Oh yes. “Minsan Lang Kita Iibigin” playing in the background, blue lights, sound of the waves hitting the beach, and going out of my room to access wi-fi. I am definitely on field work. Just one day in and I am already starting to look for a cigarette. (I have not smoked in years.)
Since I am too short to be a secret agent (Do we even have a secret service?), the next best thing I could be is a development worker. I gather a lot of information and travel all over the country. Research and travel, isn’t that the college student’s dream? Yes, I have made a living off my whimsical plans from college.
While I have already written about the serious issues from being an outsider doing research on communities, I am just writing a light and practical post about this life. A couple of years ago, I bumped into a college classmate who went on to law school. It was surprising to hear her say that she thinks I was living “The Dream”.
I laughed derisively and I thought of the small bathrooms without hot water, living with Php800 of accommodation and meal allowance per day, and forcibly swallowing food I wanted to throw up but I could not since our host was looking expectantly at me. Yes, that is “The Dream.”
I cannot speak for my other colleagues. Maybe they work with better funded projects. A friend did field work in Brazil, I have done mine in Oroquieta. For me, going on field is usually a strenuous time. A lot of activities will be squeezed in at a short period of time. I learned to manage the physical strain with the mental burden by following some rituals.
1. I do not check in baggage.
I have learned to travel light. It works for both leaving and arriving to Manila. Baggage processing tends to get slower in the province and it could add up to thirty minutes of lost time because of checked in baggage. Most of my field assignment only takes a few days, so strategic wardrobe planning helps. (Well, aside from a real big-ass backpack.)
2. My laptop is packed.
I generally love my Toshiba, except for the times I am carrying it. Still, I do not dare use another gadget on the field because I might miss out on transferring some files I need. Transferring the files and the folders relevant to work is not enough to help you get through field work. I have a couple of seasons worth of TV shows in my laptop. I am also bringing a DVD of another TV show. Why do I prefer to play TV shows over movies on field? Because I wanted to hear something familiar while I sleep in another strange place. One season of a TV show could run for 8 hours, while a movie would need to be changed after 2 hours.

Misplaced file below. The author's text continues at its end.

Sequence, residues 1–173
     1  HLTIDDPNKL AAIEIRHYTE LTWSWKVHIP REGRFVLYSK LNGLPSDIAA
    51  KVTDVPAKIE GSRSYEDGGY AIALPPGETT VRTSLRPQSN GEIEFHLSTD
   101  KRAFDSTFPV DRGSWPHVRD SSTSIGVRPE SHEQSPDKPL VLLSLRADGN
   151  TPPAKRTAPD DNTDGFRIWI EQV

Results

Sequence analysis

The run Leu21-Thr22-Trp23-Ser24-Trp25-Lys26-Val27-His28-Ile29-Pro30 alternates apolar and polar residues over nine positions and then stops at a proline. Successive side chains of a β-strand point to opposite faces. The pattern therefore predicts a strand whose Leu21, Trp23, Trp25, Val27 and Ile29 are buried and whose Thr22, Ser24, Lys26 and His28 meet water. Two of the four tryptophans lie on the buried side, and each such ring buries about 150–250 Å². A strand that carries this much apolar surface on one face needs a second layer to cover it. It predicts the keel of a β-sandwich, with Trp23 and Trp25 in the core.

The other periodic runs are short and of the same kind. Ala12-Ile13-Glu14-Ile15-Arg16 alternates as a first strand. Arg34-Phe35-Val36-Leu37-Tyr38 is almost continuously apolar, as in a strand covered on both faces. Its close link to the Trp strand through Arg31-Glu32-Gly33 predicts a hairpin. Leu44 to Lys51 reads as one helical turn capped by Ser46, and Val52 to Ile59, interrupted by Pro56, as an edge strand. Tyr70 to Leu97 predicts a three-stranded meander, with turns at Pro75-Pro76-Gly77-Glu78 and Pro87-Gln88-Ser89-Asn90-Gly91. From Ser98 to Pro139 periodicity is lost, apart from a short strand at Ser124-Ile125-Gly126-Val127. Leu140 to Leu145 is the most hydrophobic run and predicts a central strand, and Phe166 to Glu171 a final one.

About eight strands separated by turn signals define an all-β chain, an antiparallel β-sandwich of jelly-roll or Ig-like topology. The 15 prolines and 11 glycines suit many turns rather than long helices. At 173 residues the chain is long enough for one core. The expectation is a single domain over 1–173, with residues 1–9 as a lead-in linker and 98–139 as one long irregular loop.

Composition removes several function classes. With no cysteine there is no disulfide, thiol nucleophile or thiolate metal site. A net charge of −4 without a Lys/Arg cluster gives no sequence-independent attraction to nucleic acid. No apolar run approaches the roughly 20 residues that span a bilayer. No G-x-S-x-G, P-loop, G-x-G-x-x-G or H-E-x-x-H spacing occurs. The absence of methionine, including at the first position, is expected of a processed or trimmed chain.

Which brings me to my next ritual.
3. I make sure not to stay awake in the middle of the night.
Call me a wuss, but I have stayed at some scary places. I remember getting a couple of drinks before sleeping in my last night in Cebu because I knew I had to be knocked out while staying alone in the cheap government-run dorm I was ‘billeted’ in. Dark places, without wi-fi or cellphone signal, old furnishings, and lots of trees… should I go on? Or do you see the makings of a horror movie already?
4. I go for boring food choices.
I know that one of the things we look forward to in the province is trying out new delicacies. But aside from seafood binges, I usually select food that I know when I am out. I am not here for vacation. I am here for work. I avoid possible screw ups to my digestive system since if I become sick and useless and the trip is wasted. In this instance, boring is better.
5. I pack some crackers.
Sometimes, you just do not know when the next decent meal will come. The activity might be serving food regularly but it is food that I do not eat. So better be ready in any event. Bringing crackers also saves me some money at the airport.
6. I learned to buy critically.
If I kept up the amount of tiangge shopping I did five years ago when I was starting out, my house would be full of crap I do not use. It is easy to buy tons of delicacies and malongs when I am in the province. The problem is I end up not using or eating them when I get home. So after some time, I learned to only buy what I know I like in places I visit. Examples are pearls in Zamboanga, my Christmas shopping in Davao, vegetables in Baguio, and surplus clothes in Subic.
7. I walk around if possible.
It has been really common that I will be in a hotel with a pool but I do not get to swim. In fact, I don’t think I have ever used the pool in any of the hotels I have stayed in. There is either no time to swim or I did not know the place had a pool. But I can always walk around. Walking around in the area is a good way to get a feel of the community. I can usually tell the amount of corruption in a local government based on the street lights they use. And sometimes, I come across the local park with a pleasant breeze and some colorful flowers. That is enough to make me happy.
This is hardly a travelogue post. I am not taking pictures as a hobby. The images I uploaded are actually taken to remind me of what I should do the next time I go back to that city.
Sometimes, these events are easy. Often, it is heavy work. I am usually part of a team that came from Manila and the people we are meeting with have a wide range of complaints to throw at us. The rigor of these activities can really take its toll. I know of some colleagues who gave up on this life because of the amount of travel involved.
My little rituals help make the process a little easier.